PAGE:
The Grave Clause

There I was in the car and it was getting late. I glanced at my list. One more property to visit before I could call it a day. Okay, I would do what I had to do. The place was really out in the boondocks; I hadn’t even seen a Coke machine for about 50 miles. I followed the directions that I had laboriously copied down the previous evening and peered anxiously out of my window. Maybe I had taken a wrong turn – 10 miles back! This was one place that I didn’t want to get lost in! O.K., there was that sign they told me about, advertising Dunkleburger’s Sporting Goods. “Make a right turn after the sign and you’ll be on a country road,” were the instructions. Good; I took the turn.

Finally, I reached the property I had driven all the way out here to see. The agent sat waiting for me in his pickup truck. He had one of those country names like Billie Ray – or was it Bobby Pete – and he was about six foot four with a ponytail and a firm handshake. They really grow them big out here! He showed me around the property, and despite myself and my earlier misgivings, I found that everything he had promised me was right on the money. He had gutted the interior of the main structure and rebuilt the whole thing from scratch. It was a really nice place. Then there were all the other cottages built around the main building. When we parted an hour late, I had a tentative quote from him, and my mind was aflame with plans of all kinds.

We shook hands and got into our respective vehicles, and I put on the music for the ride home. Boy, was I tired! I couldn’t recall the last time I had had a good night’s sleep. I had been up at dawn for my shiur and the first minyan, gone home for a quick breakfast, and had been on the road since. The day before that had been pretty much the same, and the day before that, I had been on shift.

On shift? Yes, I am one of the members of the chevrah kaddisha in the neighborhood where I live. At least once a week I am on call, and if I have to do the taharah and stay with the body, that means a night without sleep. Still, I consider it a privilege to have an active part in such a holy activity. Even though it killed my nights at times.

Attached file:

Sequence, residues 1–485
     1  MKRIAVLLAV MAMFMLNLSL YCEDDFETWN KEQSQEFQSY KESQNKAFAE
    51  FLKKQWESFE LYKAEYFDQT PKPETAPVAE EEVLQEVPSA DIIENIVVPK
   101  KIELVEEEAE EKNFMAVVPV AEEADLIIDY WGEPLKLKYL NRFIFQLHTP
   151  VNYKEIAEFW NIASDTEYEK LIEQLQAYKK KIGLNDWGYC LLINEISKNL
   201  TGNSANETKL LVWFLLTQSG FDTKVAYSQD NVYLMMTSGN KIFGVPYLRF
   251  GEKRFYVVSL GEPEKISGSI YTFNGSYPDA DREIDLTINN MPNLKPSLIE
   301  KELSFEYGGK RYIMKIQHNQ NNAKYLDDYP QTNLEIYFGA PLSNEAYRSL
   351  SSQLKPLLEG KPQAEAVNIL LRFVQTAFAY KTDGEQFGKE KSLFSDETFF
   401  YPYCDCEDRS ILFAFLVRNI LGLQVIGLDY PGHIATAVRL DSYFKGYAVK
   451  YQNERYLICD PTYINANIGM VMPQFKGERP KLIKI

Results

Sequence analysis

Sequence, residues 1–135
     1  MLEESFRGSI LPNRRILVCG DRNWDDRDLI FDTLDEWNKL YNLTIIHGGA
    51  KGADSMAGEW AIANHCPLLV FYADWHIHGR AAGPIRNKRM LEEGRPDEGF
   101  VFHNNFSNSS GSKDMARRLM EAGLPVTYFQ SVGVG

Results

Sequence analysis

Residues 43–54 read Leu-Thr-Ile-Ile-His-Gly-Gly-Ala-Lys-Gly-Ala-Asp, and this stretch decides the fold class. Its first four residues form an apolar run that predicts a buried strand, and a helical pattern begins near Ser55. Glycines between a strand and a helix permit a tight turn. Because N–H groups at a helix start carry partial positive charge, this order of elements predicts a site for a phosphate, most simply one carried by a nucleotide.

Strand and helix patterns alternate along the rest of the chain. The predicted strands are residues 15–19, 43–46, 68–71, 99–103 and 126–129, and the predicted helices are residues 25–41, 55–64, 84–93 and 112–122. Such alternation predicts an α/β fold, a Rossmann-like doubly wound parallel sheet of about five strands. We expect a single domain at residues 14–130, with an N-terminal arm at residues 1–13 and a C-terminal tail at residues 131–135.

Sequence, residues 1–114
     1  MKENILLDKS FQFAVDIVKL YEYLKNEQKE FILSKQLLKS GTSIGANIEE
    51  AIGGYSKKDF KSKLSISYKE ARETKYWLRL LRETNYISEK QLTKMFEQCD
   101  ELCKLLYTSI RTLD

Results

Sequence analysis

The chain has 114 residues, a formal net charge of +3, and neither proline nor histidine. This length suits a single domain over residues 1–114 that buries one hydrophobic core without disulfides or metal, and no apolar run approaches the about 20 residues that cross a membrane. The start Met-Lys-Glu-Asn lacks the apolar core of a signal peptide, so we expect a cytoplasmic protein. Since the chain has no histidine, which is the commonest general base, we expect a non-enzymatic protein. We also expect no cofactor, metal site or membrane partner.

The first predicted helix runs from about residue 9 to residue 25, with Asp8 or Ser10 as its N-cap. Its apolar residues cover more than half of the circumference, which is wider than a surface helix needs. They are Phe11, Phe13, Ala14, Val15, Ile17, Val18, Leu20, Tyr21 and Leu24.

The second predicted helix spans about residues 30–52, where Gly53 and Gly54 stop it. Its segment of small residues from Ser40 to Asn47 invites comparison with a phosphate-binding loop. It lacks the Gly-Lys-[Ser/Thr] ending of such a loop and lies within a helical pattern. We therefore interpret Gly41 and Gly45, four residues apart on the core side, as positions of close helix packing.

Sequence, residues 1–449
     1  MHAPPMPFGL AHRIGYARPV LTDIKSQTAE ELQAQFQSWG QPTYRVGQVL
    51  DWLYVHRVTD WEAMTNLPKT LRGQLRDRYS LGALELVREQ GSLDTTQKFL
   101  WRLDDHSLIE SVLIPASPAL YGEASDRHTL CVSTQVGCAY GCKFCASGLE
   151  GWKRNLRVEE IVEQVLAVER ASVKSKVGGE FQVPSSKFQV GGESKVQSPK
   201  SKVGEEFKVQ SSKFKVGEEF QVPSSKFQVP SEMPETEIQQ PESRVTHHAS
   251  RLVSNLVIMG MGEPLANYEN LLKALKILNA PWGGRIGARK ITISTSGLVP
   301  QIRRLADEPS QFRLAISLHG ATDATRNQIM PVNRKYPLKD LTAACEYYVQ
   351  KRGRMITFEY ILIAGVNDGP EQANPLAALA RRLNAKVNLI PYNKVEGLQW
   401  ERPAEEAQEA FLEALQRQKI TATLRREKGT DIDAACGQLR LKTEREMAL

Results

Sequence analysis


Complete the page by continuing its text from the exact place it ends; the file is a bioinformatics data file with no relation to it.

I drove down the country lanes, thumping my hand on the steering wheel in time to the music. It didn’t help. I was fighting sleep and I was losing the battle. Not good. The best thing would be if I could pull over to the side of the road and catch a half-hour nap, but I hesitated to do so while still in the sticks. I could picture some tall guys in cowboy hats tying me up and taking off with my car and cash while I slept. No, I would have to tough this one out.

I rolled down the windows and took deep gulps of the fresh country air. It helped a little bit, but not enough. I needed to get to some place with coffee and rooms to rent. I needed a motel. But I didn’t know of any place at all in this area. The window was down, the music was blaring, and I was fighting my eyes to stay open. This was not just inconvenient, it was downright dangerous.

Wait a second, I told myself, there was a gas station on the way here. The gas station was about a 20-minute drive from where I was currently located. With the knowledge that relief was on the way, I was able to fight sleep with more determination. My efforts were rewarded when I saw the Exxon sign off in the distance. It was with great relief that I entered the station and pulled up beside the simple snack shop.

As I pushed the glass door open, the bell tinkled and the man behind the counter looked up. He was older, with shaggy gray hair that hung into his eyes. He was wearing a faded sweatshirt. I headed straight for the cold drinks. I found a nice rack of sodas full of caffeine and bought two. After getting my change, I thanked him and then decided to ask him about my chances of finding a room in the area.

“I’m really tired,” I ventured, “and I simply must find a motel or hotel in the area. I don’t think I can make it home without falling asleep.”

“You sho’ in bi-i-ig trouble,” the man replied. “They ain’t no motels or nothin’ round these parts. You should know tha-a-a-t.”

My heart dropped as I considered my options. There was no hotel in the area, and I wasn’t about to ask this shopkeeper for hospitality.

In a voice which broke with desperation, I fairly begged, “Are you absolutely sure that there is nothing in the next 20, 30, even 40 miles from here. My house is 150 miles away, and I just won’t be able to make it!”

The man closed his eyes and I was afraid that he was uttering a prayer for good aim before he went and got his shotgun. But then he opened them up and said, “You know something”? I seem to reeecall a home for the old folks not too far yonder down that-a-ways.” He pointed vaguely in the direction of the great outdoors. “ ‘Couple miles away. You might jest be in luck! They might jest have an empty room or there!”